Who should attend:
  • Innovators and entrepreneurs: Pitch your company or project to investors, potential strategic partners, and project developers
  • Investors: Find emerging transitional energy and environmental technology companies with near term payback potential
  • Energy companies and manufacturers: Develop strategic partnerships with start-up companies and project developers
  • All: Join the discussion! Let’s build on the momentum of TransTech and generate some excitement about the possibilities for new companies, advanced manufacturing, and competitive industries!

Among businesses involved in the advancement of clean energy in Pennsylvania — defined as everything from making buildings more energy efficient to manufacturing wind mill turbine blades and large-scale energy storage — the assessment of the state’s policies has been mixed.

On one hand, more people than ever are finding jobs in the industry. In 2015, nearly 6,000 clean energy establishments employed roughly 66,000 people in the state, up 15 percent from 2014, according to a jobs census published last week. Four out of five of those workers were employed in energy efficiency trades: building materials and insulation, LED lighting and advanced HVAC systems.

Dubbed the Clean Energy Savings For All Initiative, the programme represents a tenfold increase on the Obama administration's previous target to install 100 megawatt of renewable energy on federally assisted affordable housing by 2020. . . The White House said that since Barack Obama took office, "solar electricity generation has increased thirtyfold and solar jobs are growing 12 times faster than the rest of the economy."

You probably don’t remember this, but 15 years ago people still debated whether the growth of distributed energy would fundamentally transform the U.S. electricity system.

Sure, there were a million operating solar projects. Google had purchased a smart home thermostat supplier for $3.2 billion. And Elon Musk had grand visions of turning his electric vehicle company into the world’s largest stationary battery provider and distributed solar company. But most Americans had no idea that the grid’s makeover had begun and would soon upend a century-old industry.

Why not? Because 15 years ago the major players in the electricity industry -- utilities, distributed energy providers, regulators and policymakers alike -- had not yet firmed their own approaches to the growing wave of distributed energy. And as a result, multiple potential futures lay ahead.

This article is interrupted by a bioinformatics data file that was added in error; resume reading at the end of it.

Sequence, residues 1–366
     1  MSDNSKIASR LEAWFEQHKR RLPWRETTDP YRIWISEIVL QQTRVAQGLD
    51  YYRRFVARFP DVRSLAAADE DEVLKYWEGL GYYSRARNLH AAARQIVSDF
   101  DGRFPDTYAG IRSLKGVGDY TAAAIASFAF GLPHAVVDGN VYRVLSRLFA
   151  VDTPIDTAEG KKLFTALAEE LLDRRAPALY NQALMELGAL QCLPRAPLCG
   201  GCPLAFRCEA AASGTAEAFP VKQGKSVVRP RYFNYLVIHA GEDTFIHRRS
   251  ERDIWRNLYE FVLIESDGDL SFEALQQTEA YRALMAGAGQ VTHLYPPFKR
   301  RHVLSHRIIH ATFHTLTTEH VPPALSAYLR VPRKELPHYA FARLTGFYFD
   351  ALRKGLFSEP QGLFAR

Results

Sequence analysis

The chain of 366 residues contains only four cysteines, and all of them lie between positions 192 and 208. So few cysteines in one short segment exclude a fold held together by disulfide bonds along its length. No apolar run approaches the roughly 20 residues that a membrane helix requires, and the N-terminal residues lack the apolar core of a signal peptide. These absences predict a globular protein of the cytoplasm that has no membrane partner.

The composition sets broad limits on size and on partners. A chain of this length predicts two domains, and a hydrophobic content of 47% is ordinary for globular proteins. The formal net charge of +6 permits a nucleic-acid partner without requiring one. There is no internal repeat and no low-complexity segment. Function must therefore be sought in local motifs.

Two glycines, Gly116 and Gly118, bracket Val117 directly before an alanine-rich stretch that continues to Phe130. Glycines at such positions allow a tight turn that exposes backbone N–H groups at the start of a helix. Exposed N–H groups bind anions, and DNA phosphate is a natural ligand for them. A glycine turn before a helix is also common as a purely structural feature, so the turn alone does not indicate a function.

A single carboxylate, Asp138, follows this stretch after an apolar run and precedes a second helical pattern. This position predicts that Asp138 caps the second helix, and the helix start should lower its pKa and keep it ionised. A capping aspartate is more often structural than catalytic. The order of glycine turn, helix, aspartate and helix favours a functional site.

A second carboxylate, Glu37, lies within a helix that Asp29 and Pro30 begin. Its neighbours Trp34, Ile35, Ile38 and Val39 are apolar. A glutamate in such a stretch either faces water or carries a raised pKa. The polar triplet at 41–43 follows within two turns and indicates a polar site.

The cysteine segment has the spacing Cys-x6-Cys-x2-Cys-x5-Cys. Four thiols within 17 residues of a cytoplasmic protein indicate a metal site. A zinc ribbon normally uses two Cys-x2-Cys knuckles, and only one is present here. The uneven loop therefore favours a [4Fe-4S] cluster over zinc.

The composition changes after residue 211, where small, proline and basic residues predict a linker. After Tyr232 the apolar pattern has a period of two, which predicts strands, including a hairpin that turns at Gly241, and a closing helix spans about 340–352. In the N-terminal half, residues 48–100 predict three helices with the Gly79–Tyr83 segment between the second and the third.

One of the distinctions we often make between energy and energy efficiency is that energy acts more like a cost, and energy efficiency acts more like an investment. Like most investments, energy efficiency works by using an up front expense to generate a stream of economic benefits. Every year, our Energy Efficiency Finance Forum conference looks at ways to manage these up-front costs and how to use that stream of benefits to turn energy efficiency into a viable investment market.

This upfront expense can often act as a significant barrier to energy efficiency. Buying a house used to have the same problem, but a long time ago, some smart people came up with the idea of a mortgage to help work around it.


The first time I was in Pittsburgh was as a business journalist, writing about labor issues and the decline of the steel industry.

Hulking mills stood lifeless and vacant; ghostly giants whose fall hurt everything around them. In the bars around the old Three Rivers Stadium, talk was not of batting averages but of record unemployment rates. It was a city on the edge of economic death, in a state with an uncertain future, in a country mired in recession.

That was nearly three decades ago.

This week, I’m back in Pittsburgh at a time when Pennsylvania is seeing record numbers of jobs created in a burgeoning new industry: clean energy.

Our mailing address is:
Sustainable Pittsburgh • 307 Fourth Avenue • Suite 1500 • Pittsburgh, PA, 15222 • USA